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What's with these feathers?

Discussion in 'Poultry Row' started by Gav, 7/31/19.

  1. Gav

    Gav Meeting neighbors

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    I have a Silver Phoenix rooster who is about 8 years old or so. I just noticed today that his feather coloration... is changing.

    [​IMG]

    [​IMG]

    I looked up Silver Phoenixes and this seems to be the coloration of a female... My poor guy must be so old the testosterone is gone and he's losing his male plumage. It's a little endearing, he's always been a wonderful bird and I'm glad he's made it this far.

    (Of course if I'm wrong and this is an underlying disease or issue, please let me know. And he's had that bald spot behind his ear since he was young. He just never really grew feathers there.)
     
    fashionfobie and JoJo&Loki like this.
  2. Zara

    Zara Biking along the boulevard Celebirdy of the Month Avenue Spotlight Award I Can't Stop Posting! POSTAHOLIC

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    He´s still beautiful :)

    @fashionfobie may know something.. ❤️
     
  3. fashionfobie

    fashionfobie Rollerblading along the road

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    @Gav What a beautiful rooster. 8 years is a nice old age, well done! You must be treating your chickens as they deserve :) !

    Since he is elderly I would say he is just ageing. His black feathers no longer have that purple/green shine. His comb doesn't have that bright punchy red that he had in his younger days. Chicken express a lot about their health in their feathers and comb. This could be the photo, but is his left leg thicker around the ankle than his right? It is hard to tell in this picture what may be going on there. Scaly Mites, arthritis, poor circulation causing oedema?

    This article has some advice on leg issues. Since he is elderly I wouldn't treat him for mites without confirmation that he has them. No reason to put his little cuteness in unnecessary stress. If he is having some leg pains you can try giving him softer surfaces to walk on and protecting him from slippery surfaces. Straw works great for this.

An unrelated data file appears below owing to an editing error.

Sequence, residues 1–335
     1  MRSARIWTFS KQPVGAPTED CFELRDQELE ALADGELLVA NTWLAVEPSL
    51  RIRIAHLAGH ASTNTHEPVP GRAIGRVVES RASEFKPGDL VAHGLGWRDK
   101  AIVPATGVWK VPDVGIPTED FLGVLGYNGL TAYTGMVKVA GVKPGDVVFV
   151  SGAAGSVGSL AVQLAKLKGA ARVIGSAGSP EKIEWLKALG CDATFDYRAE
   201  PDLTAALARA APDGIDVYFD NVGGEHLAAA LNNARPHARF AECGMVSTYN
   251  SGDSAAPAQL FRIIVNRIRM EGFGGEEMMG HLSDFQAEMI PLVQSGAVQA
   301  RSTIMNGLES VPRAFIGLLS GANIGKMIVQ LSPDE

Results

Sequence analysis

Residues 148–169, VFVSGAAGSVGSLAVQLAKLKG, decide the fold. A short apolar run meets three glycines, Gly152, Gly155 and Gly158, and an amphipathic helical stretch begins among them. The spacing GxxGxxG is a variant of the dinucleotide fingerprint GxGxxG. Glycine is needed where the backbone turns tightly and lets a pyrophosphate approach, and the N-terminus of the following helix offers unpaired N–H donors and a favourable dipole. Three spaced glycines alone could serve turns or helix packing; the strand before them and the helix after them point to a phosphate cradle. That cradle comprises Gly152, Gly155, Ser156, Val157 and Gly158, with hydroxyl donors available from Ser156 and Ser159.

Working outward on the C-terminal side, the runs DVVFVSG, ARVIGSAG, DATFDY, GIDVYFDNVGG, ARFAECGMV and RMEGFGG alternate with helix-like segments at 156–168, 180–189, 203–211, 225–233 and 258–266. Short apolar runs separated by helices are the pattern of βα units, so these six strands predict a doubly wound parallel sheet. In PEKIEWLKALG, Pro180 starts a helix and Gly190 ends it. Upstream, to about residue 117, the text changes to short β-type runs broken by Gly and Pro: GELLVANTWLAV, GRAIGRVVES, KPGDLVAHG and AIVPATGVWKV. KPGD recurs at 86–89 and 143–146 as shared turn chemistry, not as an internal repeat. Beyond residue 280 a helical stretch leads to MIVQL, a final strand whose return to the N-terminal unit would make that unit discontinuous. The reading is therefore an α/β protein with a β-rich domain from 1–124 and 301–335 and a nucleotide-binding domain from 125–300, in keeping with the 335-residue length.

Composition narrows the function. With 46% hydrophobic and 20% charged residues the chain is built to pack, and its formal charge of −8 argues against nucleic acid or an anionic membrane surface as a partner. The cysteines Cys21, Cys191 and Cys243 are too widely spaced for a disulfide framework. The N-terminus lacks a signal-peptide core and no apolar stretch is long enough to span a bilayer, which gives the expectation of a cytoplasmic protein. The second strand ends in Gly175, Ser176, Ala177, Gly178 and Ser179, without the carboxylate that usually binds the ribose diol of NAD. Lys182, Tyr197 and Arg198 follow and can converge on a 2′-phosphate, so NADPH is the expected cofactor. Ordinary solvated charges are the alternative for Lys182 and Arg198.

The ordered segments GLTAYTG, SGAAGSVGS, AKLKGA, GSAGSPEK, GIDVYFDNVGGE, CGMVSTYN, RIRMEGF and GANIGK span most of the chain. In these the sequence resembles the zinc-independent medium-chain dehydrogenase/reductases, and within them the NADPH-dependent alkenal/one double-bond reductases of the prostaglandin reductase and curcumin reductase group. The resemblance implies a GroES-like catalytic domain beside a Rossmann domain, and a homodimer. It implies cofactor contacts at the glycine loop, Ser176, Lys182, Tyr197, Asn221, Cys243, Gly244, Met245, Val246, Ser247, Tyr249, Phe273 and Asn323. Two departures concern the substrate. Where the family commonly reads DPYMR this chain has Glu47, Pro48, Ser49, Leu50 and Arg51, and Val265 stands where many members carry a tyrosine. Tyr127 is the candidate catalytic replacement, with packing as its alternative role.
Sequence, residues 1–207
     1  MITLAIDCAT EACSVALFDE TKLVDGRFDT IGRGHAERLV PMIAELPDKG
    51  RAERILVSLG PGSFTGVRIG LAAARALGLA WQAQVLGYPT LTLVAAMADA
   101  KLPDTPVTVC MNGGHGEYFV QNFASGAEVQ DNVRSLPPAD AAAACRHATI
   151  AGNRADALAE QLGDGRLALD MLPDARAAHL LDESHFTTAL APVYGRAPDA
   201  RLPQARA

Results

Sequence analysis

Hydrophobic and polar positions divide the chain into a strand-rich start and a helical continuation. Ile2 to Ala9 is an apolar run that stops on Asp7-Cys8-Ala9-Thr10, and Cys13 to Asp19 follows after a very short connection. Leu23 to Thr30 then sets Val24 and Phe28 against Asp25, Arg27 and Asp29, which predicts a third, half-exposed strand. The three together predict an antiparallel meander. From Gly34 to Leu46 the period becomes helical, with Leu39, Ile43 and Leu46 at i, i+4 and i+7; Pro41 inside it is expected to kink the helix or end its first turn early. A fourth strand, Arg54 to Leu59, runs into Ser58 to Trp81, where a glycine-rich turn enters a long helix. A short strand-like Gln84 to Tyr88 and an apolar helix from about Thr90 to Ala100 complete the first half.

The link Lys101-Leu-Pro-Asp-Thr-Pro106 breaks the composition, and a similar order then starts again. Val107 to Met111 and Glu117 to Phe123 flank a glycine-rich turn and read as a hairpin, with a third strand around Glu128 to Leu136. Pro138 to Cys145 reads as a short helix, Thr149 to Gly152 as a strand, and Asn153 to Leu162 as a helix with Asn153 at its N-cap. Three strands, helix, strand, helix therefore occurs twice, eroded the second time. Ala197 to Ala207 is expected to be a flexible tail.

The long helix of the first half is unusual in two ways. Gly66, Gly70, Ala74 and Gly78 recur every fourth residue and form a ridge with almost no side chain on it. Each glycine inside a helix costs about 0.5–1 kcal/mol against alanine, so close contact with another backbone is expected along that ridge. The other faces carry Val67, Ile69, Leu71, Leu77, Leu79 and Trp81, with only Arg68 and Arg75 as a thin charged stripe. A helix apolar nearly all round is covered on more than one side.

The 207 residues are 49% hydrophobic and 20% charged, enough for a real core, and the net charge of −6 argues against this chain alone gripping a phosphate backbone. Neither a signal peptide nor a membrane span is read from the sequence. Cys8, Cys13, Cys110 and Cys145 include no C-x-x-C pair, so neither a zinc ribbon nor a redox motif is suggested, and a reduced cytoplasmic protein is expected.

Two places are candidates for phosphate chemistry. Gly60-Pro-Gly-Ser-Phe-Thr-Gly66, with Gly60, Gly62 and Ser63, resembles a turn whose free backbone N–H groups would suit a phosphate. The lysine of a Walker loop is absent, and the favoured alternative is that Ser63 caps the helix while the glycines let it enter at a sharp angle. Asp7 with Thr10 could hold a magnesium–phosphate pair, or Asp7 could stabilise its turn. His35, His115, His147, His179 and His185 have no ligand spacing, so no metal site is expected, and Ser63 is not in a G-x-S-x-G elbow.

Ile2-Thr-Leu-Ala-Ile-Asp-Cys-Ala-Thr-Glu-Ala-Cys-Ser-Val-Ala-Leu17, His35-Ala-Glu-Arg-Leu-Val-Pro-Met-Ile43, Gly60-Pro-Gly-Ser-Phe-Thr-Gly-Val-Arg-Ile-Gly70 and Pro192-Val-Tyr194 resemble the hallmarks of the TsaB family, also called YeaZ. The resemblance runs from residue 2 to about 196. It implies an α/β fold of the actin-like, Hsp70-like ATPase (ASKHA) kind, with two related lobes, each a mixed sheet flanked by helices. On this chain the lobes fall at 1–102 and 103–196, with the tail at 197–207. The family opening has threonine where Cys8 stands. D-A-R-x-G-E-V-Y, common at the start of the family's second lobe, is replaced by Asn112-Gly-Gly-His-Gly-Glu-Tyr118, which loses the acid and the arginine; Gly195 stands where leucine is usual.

Leg Problems in Chickens: Signs/Symptoms/Treatments: Chicken Heaven On Earth - Chicken Heaven On Earth

    One of my elderly hens broke her hip, her name was Rodger, long story on the name. She slipped on a mossy covered rock after a rain. She had to live in the house with us during her recovery. The poor girl. She was a large breed she recovered but had a lot of leg pain the rest of her life. We built little ramps all around the yard. She never wanted to hop over anything ever again. It is a mixed bag when they start showing their age. I wish we could be with them forever, and at the same time it is beautiful that they get to live out their lives to their entirety. Not many chickens get this privileged in our modern society.
     
  4. Gav

    Gav Meeting neighbors

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    @fashionfobie I've had a couple lucky birds live up to these years. I believe my first hen ever died when she was around 9 years old which I assume to be just the lifespan of a chicken. She was a Rhode Island Red and she was always a lighter color than the rest of my reds but towards the end her feathers were actually starting to turn a little white. I absolutely loved her and I wish they lasted as long as parrots can.

    As for his legs, we did have a run in with leg mites a while back. It was really, really bad for a lot of the birds but he actually somehow dodged them for a long time. They did catch up to him finally but the case never escalated luckily. Years ago I think he twisted his ankle jumping the fence once as well, hence the swollen looking toe. Sadly I've had a lot of these birds since I was a kid and we don't have the funds to treat every one of them. My grandparents were kind enough to take one of my birds in for an emergency surgery years ago, but regular vet care for any of them was simply out of the question. And he runs free so there's plenty of dirt and grass for him to travel across. My grandparents want the birds locked up most of the time, but he's the biggest weasel when it comes to staying caged up. He's the smartest bird I've ever had in the flock.

    And poor Rodger. Luckily chickens seem to be super troopers and will walk off just about anything they can. I have a few stories of some of my chickens who had heads stronger than their bodies. As long as they're given a chance and a little help they can pull through just about anything.
     
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